Save the Chattahoochee Brick Site Save the Chattahoochee Brick Site Save the Chattahoochee Brick Site
Save the Chattahoochee Brick Site
Make Your Voice Be Heard
Save the Chattahoochee Brick Site
Honor Atlanta's Full History
Save the Chattahoochee Brick Site
Protect Atlanta's Waterways

Our Urgent


Norfolk Southern and Lincoln Energy Solutions are bypassing the protections in Atlanta’s zoning laws to subvert the community’s voice.  By leasing the property to Norfolk Southern to build almost exactly what Lincoln Energy proposed 3 years ago, the two companies are able to ignore community calls to build a meaningful memorial to the victims of convict leasing, rehabilitate the overindustrialized land, and create connective public greenspace for the use of all citizens.

Stop Norfolk Southern

Because of the railroads’ historical privilege with respect to development, their plans will require no public comment or a special use permit to move forward.  In short: by leasing the property to Norfolk Southern, Lincoln Energy Solutions ensures that the land they purchased will be used for exactly what they had intended, and exactly what the surrounding community had expressly opposed, subverting the decision of the City and the will of both its citizens and its environmental, history, and civil rights activists.

Call to Action

Ordinary People Do Extraordinary Things

Drop The Lease

We call on Norfolk Southern to live up to its branding as a “responsible corporate neighbor” and remove itself from the agreement with Lincoln Energy Solutions.

Community Input

We call on the Atlanta City Council to continue to fight for historic and environmental preservation, and denial of unnecessary industrial development without community input.

Develop Meaningfully

We call upon the City of Atlanta to work with the community to facilitate the purchase and development of the property for the public good.

Take a stand for history

An important site of Atlanta’s history is at risk of being lost to the city and its citizens by unnecessary industrial expansion in Northwest Atlanta.  The property, nestled between the city’s significant, yet fragile waterways – Proctor Creek and the Chattahoochee River – was once the site of the Chattahoochee Brick Company, and marks the location of a particularly horrific example of convict labor – a practice in the late 19th and early 20th centuries of leasing imprisoned predominantly Black men and women to toil for years in factories under unspeakable conditions.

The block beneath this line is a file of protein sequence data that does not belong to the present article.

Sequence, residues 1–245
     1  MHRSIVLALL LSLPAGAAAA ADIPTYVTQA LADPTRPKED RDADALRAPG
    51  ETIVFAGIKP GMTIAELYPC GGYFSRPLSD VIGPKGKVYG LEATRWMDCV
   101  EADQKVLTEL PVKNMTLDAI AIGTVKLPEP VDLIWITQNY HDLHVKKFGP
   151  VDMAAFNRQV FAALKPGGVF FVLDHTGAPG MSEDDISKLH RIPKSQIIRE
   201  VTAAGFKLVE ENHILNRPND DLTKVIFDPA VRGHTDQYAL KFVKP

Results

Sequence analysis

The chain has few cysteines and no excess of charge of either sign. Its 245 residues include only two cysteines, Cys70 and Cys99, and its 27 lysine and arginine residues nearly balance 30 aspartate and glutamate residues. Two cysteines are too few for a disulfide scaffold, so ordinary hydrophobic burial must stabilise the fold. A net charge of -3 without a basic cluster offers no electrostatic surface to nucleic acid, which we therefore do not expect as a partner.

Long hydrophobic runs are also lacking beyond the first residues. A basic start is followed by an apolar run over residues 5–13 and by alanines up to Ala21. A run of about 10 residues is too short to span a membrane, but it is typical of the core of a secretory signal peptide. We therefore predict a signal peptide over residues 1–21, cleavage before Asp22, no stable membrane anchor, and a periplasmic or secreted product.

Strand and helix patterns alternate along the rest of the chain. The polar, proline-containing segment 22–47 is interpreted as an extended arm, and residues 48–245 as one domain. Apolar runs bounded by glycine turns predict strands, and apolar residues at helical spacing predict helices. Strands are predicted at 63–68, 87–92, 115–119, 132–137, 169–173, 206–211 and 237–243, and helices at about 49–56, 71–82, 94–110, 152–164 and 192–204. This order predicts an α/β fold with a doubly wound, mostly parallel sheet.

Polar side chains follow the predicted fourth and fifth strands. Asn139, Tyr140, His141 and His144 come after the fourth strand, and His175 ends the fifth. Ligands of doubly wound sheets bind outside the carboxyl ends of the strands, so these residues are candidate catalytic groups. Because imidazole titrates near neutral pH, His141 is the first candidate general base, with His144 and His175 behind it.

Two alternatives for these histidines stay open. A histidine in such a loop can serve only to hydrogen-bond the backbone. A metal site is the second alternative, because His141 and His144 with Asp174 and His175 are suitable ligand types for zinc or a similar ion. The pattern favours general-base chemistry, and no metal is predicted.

The many indignities visited upon those exploited by the Chattahoochee Brick Company, one of Georgia’s most infamous convict leasing operations, are difficult to imagine. As Douglas Blackmon’s Pulitzer Prize-winning work, Slavery by Another Name, so movingly and meticulously documents, Black men and women convicted of minor offenses like jaywalking, vagrancy, and petty theft toiled without pay, adequate food or housing, and endured brutal discipline, all to make the bricks that built Atlanta. There is no reliable count of the number of victims who died on the site, many buried or burned on the Company’s grounds without memorial or marker. Those who did not die often bore the scars of beatings, maimed hands or feet, all as punishment for offenses such as working too slowly, falling ill, or trying to escape the abuse.

The important and largely untold story of convict leasing is one more reminder of the South’s need for a frank racial reckoning, as the nation reconsiders how, where, and for whom we memorialize the past. It is not enough to cast aside statues honoring slave owners and Klansmen; we must raise memorials that bring our full history out of the shadows.  This site of decades of violence gives Atlanta the opportunity to build a place of racial reconciliation. 

However, the vision of a public space and a meaningful memorial, shared by neighbors, businesses, politicians, activists, and community-based organizations, is at risk of being bulldozed by expanding rail operations in an already over-industrialized corner of the city. 

What should we do?

Build Public Space


Build a meaningful and significant riverside memorial to the victims of the convict labor system.


Create a public greenspace connecting Northwest Atlanta to other developing trails of the Proctor Creek Greenway, PATH, and Beltline.


Rehabilitate this industrial land, protecting the city and river from any further environmental harm.